Thank you so much for your book, received it yesterday and have read a chapter or two so far. I have many questions already, everything is just so well done. Through mass-marketed media its perceived that adults take for granted the words of a child, and their hold and place in society. Your book defies that stereotype, finding the deeper meaning in education and brains of our youth. Coming from someone who wants to study child-minds and thought processes, it was very humbling and insightful reading the first beginning pages of your experience with the young Amish girl…
What is not to like about a review like this!? It’s written by a high school senior who contacted me for some “collaboration” on a writing project… her planned vocation is to become a child psychologist and her avocation is to write and publish.
I love her suggestion that I defy the stereotype that “adults take for granted the words of a child…” She definitely has a future as a writer, because that is a previously not-so-well stated mission. Maybe even an obsession. I often quote Stacia Tauscher:
“We worry about what a child will become tomorrow, yet we forget that he is someone today.”
Children are really just little people, not so different than those we consider adults. Admittedly, they have less experience being a person than an adult, but they are no less a person. They see things with curious minds and fresh outlooks. Their observations are often insightful.
Just this week, we received new identification badges at school. They are quite formal and official looking. We wear them on a lanyard so people can be assured we belong where we are. I don’t question the need and logic. But a second grader did.
He grabbed my badge, studied it closely and looked somewhere between puzzled and horrified. “Mr. Boomsma, this isn’t right. It says you are a substitute teacher. You are a REAL teacher.”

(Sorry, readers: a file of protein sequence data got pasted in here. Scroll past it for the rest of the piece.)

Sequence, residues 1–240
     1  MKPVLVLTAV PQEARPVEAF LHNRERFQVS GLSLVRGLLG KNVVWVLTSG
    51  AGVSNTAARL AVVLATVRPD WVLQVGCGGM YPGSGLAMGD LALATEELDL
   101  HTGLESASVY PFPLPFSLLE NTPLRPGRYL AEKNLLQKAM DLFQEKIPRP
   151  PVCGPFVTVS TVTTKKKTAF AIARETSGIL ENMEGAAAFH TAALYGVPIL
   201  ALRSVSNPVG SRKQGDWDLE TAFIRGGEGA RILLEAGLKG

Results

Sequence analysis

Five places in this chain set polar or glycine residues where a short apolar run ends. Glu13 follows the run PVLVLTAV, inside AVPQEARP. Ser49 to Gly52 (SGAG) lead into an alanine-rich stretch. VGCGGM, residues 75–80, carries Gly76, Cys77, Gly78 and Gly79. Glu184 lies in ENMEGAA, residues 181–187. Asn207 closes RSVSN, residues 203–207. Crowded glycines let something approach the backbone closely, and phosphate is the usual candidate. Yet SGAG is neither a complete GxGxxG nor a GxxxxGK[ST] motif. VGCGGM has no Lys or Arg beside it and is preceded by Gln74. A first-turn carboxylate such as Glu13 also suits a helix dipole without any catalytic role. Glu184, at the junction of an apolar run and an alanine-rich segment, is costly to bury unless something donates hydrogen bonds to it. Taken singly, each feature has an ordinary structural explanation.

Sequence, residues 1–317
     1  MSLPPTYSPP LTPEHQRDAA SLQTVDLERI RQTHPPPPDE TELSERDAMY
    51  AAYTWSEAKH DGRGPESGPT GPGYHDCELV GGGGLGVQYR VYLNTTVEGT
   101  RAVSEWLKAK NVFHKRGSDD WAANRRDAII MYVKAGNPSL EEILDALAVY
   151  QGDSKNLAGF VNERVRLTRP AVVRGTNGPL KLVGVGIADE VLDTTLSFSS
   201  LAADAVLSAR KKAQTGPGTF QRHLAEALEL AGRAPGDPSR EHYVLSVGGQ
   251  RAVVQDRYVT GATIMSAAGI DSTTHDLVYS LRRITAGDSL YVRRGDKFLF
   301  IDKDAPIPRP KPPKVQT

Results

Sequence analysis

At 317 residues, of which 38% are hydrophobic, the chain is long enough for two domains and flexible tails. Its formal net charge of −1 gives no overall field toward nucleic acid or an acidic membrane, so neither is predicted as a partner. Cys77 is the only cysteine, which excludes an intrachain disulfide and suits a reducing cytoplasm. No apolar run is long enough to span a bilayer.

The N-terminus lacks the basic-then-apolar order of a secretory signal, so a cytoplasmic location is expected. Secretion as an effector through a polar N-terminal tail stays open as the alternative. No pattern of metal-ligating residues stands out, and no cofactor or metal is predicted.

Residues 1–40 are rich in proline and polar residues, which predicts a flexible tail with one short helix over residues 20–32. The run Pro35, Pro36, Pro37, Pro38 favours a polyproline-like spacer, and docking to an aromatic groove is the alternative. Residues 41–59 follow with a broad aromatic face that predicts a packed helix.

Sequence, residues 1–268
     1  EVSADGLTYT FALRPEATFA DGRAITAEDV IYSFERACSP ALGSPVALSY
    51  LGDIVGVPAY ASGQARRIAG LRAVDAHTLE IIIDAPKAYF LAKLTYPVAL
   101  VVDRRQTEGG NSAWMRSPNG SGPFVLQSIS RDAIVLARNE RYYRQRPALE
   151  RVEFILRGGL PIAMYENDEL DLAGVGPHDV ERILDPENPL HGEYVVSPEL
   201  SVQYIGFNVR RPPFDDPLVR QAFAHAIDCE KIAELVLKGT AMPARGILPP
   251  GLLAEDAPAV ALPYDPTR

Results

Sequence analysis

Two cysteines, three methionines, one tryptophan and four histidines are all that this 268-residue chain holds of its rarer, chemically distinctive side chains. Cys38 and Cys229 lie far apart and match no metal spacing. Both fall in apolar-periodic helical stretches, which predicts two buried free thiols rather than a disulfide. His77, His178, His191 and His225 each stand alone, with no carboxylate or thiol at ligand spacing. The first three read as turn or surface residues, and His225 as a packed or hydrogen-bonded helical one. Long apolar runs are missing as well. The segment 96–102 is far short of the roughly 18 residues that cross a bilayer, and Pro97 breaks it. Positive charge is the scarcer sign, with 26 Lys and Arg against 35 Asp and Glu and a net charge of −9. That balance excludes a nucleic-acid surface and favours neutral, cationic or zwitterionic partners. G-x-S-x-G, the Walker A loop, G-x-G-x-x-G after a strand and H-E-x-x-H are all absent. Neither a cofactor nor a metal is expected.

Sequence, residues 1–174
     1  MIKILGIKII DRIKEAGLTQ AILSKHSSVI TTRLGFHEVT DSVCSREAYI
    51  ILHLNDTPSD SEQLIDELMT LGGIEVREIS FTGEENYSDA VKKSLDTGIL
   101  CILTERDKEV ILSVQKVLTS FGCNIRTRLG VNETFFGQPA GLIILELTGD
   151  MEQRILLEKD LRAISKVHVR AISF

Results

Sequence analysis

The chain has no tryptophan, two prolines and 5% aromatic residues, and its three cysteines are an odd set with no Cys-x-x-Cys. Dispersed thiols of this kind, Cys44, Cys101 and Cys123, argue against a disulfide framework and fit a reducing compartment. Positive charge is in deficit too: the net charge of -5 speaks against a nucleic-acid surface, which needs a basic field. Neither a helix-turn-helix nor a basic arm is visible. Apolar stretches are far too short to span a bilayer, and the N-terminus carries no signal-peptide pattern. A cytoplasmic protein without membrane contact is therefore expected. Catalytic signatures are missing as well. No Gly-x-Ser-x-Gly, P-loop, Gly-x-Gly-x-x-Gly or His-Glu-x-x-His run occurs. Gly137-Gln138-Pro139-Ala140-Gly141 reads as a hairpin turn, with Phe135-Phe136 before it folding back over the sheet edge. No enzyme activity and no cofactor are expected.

I suppose I should have “corrected” him, but truth be told he made me feel pretty smug and really good. He also gave me a lot to think about and I ultimately decided that what he thought was probably more important than what my badge said.
One reason subs sometimes have difficulty managing a class is the students will view him or her as “not our teacher” and decide the day will be a bit of a holiday. When I teach the Substitute Teacher Course, we spend some time discussing this potential power struggle. Part of my approach is that we must establish at the beginning we are there to teach, not to babysit. Yes, things will be a little different, but it is still about teaching and learning. A substitute who establishes that at the start will have far less “classroom management” issues. In age-appropriate language, I make it clear I am not there to manage a classroom, I am there to teach and facilitate learning.
So I think it’s pretty cool that second grader thinks it’s wrong to call me a substitute. I also think it’s pretty cool that he was able to read the entire badge, including the word substitute.
Labels are certainly a necessary tool in our society, but they come at some cost. The biggest cost is the loss of true identity when we become seen only as the label.
Don’t forget. A child is a person–a smaller and less experienced one, but no less a person.